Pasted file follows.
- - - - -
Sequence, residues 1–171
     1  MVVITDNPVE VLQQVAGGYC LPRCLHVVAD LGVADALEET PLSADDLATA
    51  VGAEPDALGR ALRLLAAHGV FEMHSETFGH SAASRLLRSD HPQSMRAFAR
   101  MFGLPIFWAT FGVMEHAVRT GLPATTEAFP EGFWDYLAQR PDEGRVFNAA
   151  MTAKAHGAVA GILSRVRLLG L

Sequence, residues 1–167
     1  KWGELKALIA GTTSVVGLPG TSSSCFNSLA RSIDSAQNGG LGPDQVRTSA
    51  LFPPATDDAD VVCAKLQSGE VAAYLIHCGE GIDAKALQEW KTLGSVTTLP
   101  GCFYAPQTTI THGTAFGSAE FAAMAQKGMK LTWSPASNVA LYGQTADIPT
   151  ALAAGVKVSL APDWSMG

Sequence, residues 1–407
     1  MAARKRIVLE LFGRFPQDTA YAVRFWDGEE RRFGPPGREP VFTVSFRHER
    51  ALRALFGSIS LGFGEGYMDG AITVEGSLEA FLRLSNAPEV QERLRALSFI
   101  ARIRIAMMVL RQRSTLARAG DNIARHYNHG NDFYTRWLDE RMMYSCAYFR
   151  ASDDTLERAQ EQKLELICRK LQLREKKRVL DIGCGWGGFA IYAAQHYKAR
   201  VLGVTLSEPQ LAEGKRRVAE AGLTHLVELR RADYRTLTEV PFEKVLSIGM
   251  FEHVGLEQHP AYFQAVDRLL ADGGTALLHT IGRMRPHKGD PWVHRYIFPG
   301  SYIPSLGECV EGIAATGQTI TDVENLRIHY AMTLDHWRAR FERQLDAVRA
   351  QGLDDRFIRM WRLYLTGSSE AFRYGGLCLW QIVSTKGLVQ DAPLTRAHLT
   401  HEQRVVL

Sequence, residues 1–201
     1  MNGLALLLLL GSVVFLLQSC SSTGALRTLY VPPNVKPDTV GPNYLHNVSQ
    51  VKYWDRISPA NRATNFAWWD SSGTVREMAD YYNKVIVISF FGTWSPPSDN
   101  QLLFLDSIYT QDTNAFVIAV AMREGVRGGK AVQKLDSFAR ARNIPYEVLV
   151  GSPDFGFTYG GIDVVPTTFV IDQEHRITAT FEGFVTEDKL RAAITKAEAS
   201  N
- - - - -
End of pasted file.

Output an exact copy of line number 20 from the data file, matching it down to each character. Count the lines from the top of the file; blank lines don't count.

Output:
   401  HEQRVVL